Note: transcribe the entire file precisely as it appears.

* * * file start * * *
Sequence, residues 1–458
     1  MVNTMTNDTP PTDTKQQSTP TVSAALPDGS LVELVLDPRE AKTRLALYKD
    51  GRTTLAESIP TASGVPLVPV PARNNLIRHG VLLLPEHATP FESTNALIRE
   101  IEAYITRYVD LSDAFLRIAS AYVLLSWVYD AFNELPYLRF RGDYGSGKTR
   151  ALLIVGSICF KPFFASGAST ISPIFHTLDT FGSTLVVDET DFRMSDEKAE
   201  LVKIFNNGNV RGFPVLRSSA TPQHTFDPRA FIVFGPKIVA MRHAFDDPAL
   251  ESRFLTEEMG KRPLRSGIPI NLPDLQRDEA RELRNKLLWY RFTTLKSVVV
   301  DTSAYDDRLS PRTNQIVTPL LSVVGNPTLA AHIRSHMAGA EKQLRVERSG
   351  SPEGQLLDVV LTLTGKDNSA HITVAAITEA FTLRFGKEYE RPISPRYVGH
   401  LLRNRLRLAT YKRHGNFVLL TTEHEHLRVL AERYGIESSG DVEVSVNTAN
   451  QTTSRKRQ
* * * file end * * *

Sequence, residues 1–458
     1  MVNTMTNDTP PTDTKQQSTP TVSAALPDGS LVELVLDPRE AKTRLALYKD
    51  GRTTLAESIP TASGVPLVPV PARNNLIRHG VLLLPEHATP FESTNALIRE
   101  IEAYITRYVD LSDAFLRIAS AYVLLSWVYD AFNELPYLRF RGDYGSGKTR
   151  ALLIVGSICF KPFFASGAST ISPIFHTLDT FGSTLVVDET DFRMSDEKAE
   201  LVKIFNNGNV RGFPVLRSSA TPQHTFDPRA FIVFGPKIVA MRHAFDDPAL
   251  ESRFLTEEMG KRPLRSGIPI NLPDLQRDEA RELRNKLLWY RFTTLKSVVV
   301  DTSAYDDRLS PRTNQIVTPL LSVVGNPTLA AHIRSHMAGA EKQLRVERSG
   351  SPEGQLLDVV LTLTGKDNSA HITVAAITEA FTLRFGKEYE RPISPRYVGH
   401  LLRNRLRLAT YKRHGNFVLL TTEHEHLRVL AERYGIESSG DVEVSVNTAN
   451  QTTSRKRQ